Al-Droubi is most commonly known for his cubist works. However, the extent to which he adhered to the Cubist paradigm as it was practiced in Europe is open to debate. With that said, his work does exhibit an aesthetic reference arising from the cubist tendency to fragment space and shift perspective. However, his variant use of this fragmentation and his insistence on maintaining naturalistic forms is quite unique to his practice. It would not be unreasonable to suggest that al-Droubi wished to depict light, shadow, and color as he perceived them within the Iraqi environment, and Cubism, as an aesthetic, was a convenient starting point. The Islamic tradition of miniature painting with its ability to express multiple views in one static image also acted as an aesthetic foundation for al-Droubi and his colleagues.
Throughout his career, al-Droubi exhibited in various countries and venues. He exhibited extensively with all of the groups in which he held membership, including the Society of the Friends of Art and the Impressionists. He had at least three solo exhibitions, in 1941, 1951, and 1972. Furthermore, Al-Droubi was an exhibiting artist at the 1952 Ibn Sina show in Baghdad. He displayed his work in Europe in various Iraqi collective exhibitions and he participated in the 1965 Beirut Exhibition of Contemporary Iraqi Art. Along with his extensive exhibition history, al-Droubi received many accolades attesting to his key role in the establishment of Iraqi modern art. Along with receiving many honorary awards from the Society of Iraqi Plastic Arts, he was also one of only four artists to be honored at the Al-Wasiti Festival in 1972.
Hafidh al-Droubi was a crucial figures in the development of modernism in Iraq, especially in the realm of art education. In the course of a career that included service in important positions like the Deanship of the Academy of Fine Arts in Baghdad and the Chair of the Society of Iraqi Plastic Arts, he demonstrated a deep commitment to providing knowledge and resources for succeeding generations. Indeed, he was instrumental in instilling the value of art education among his student and colleagues.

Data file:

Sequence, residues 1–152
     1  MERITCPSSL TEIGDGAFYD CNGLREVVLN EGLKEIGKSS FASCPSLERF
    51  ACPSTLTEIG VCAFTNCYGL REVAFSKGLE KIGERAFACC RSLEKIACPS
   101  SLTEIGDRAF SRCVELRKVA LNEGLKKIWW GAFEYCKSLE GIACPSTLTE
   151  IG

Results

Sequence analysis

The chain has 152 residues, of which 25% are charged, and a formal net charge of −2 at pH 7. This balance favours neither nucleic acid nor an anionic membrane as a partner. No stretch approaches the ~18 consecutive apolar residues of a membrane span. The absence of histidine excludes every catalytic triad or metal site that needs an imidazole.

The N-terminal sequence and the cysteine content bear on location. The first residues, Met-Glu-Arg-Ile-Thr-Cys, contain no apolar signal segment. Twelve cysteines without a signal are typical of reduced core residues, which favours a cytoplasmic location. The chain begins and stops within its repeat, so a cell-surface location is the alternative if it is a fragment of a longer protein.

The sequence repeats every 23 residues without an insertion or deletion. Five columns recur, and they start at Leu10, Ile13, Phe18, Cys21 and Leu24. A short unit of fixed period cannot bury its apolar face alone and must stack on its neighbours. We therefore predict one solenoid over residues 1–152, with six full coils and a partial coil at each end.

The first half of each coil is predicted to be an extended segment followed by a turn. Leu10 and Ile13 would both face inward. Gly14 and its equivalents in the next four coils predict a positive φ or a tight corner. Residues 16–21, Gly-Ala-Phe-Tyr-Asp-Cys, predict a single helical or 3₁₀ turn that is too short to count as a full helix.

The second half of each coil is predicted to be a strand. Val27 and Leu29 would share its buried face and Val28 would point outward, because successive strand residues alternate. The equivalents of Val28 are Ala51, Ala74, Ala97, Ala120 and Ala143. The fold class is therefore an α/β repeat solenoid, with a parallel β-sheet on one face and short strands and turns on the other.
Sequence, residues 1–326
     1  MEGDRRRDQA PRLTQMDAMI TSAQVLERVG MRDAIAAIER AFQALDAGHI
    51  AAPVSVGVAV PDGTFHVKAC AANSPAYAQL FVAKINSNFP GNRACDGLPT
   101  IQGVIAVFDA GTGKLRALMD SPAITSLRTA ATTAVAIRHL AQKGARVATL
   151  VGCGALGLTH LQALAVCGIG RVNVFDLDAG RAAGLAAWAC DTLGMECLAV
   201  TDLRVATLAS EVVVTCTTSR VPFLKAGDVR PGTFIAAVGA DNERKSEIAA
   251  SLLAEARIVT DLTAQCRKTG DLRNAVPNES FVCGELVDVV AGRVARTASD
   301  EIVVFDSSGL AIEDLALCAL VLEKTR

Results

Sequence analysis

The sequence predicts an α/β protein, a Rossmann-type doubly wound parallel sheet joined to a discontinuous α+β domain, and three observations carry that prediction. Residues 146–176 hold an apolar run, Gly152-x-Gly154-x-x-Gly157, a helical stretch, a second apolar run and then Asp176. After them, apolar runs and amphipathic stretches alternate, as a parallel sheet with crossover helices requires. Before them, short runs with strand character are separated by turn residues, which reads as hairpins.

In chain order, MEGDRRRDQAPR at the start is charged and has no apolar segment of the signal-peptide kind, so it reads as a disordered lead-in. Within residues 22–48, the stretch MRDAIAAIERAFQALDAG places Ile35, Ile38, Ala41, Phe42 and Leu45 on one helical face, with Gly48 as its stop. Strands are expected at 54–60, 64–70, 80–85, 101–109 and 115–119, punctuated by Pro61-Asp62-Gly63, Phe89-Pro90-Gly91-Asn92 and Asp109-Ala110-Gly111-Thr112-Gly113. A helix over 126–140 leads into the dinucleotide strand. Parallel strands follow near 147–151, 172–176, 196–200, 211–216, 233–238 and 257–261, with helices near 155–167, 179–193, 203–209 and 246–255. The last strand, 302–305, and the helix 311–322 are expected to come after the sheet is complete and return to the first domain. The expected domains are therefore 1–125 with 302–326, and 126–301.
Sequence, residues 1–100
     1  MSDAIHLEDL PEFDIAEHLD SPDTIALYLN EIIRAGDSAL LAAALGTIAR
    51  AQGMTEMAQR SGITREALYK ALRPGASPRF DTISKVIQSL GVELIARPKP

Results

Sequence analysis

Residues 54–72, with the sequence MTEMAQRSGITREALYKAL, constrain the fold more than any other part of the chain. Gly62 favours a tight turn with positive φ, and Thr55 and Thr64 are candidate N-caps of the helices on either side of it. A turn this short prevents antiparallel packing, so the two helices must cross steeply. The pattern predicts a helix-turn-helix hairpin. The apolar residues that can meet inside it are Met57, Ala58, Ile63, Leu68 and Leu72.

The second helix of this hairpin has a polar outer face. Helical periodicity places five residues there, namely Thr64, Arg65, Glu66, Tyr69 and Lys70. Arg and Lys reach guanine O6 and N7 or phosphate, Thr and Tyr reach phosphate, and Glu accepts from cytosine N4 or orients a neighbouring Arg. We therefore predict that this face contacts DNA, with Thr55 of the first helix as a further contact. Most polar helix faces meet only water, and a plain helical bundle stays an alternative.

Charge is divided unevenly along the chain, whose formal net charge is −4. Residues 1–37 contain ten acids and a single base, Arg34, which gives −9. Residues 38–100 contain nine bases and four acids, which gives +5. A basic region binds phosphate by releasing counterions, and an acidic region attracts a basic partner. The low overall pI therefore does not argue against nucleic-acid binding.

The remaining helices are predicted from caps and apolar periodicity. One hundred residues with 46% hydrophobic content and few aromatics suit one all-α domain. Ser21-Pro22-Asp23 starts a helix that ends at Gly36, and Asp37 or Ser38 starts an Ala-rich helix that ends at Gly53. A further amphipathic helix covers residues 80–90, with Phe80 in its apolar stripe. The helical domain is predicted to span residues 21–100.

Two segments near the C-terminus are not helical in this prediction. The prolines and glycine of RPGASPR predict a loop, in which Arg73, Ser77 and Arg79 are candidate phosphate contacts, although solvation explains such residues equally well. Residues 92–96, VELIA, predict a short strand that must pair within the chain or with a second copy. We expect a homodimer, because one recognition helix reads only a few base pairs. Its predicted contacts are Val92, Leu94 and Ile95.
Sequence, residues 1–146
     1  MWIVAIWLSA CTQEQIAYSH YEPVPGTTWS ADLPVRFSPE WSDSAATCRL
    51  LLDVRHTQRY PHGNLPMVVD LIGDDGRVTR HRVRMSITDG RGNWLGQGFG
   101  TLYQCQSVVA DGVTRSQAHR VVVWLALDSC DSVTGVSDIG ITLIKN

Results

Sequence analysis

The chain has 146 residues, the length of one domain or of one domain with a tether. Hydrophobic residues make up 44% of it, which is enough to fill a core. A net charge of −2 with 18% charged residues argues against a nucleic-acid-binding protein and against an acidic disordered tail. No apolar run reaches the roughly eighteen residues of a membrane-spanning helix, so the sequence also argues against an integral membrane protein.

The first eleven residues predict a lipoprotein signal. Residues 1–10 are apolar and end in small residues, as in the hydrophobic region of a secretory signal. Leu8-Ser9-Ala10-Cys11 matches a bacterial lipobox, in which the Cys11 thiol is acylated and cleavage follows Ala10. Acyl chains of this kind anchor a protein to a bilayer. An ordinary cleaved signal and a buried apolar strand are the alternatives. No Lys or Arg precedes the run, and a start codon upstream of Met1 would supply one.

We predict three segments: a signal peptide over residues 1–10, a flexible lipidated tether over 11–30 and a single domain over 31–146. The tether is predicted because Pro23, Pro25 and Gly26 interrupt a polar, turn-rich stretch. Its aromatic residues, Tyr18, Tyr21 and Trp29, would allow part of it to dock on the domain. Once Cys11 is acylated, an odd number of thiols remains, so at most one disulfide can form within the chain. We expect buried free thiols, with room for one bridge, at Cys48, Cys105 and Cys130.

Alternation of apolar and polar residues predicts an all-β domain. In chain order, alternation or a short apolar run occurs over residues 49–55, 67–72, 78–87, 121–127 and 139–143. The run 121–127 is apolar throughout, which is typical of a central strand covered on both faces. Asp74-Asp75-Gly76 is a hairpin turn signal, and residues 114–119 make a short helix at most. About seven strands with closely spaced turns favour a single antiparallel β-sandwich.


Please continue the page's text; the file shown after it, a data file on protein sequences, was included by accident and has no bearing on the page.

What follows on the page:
Al-Droubi's work can be appreciated today in many settings around the world, including museums, government buildings, and universities; foremost among these sites is Mathaf: Arab Museum of Modern Art in Doha, Qatar and the Jordan National Gallery of Fine Art in Amman, Jordan. His works were also held at the Iraqi Museum of Modern Art in Baghdad. Many of these were looted from the museum's collection and have yet to be recovered.
Group exhibitions – The Impressionists
|1972||Solo-Exhibition, Baghdad, Iraq|
|1964||Contemporary Iraqi Art Group Exhibition, Beirut, Lebanon|
|_____||Various Exhibitions in Europe|
|1957||The Baghdad Exhibition of Painting and Sculpture, Al-Mansur Club, Baghdad, Iraq|
|1952||Ibn Sina Exhibition, Baghdad, Iraq|
|1951||Solo-Exhibition, Baghdad, Iraq|
|1945||Exhibition of the Society of the Friends of Art, Baghdad, Iraq|
|1943 ||Exhibition of the Society of the Friends of Art, Baghdad, Iraq|
|_____||A Permanent Collection of Paintings and Drawings made in Iraq, Directorate General of Antiquities, Baghdad, Iraq|
|1942||Exhibition of the Society of the Friends of Art, Baghdad, Iraq|
|1941||Solo-Exhibition, Baghdad, Iraq|
|_____||Exhibition of the Society of the Friends of Art, Baghdad, Iraq|
Awards and Honors
Received honorary awards from the Society of Iraqi Plastic Arts and the Union of Iraqi Artists
|1972||Honored at the Al-Wasiti Festival, Baghdad, Iraq |
Accademia Reale, Goldsmiths College in London, Faculty of Arts and Sciences at Baghdad University, Society of the Friends of Art, Impressionist Group, art education, Baghdad, Everyday life in Iraq, Iraqi Museum of Modern Art, Mathaf: Arab Museum of Modern Art in Doha, Jordan National Gallery of Fine Arts.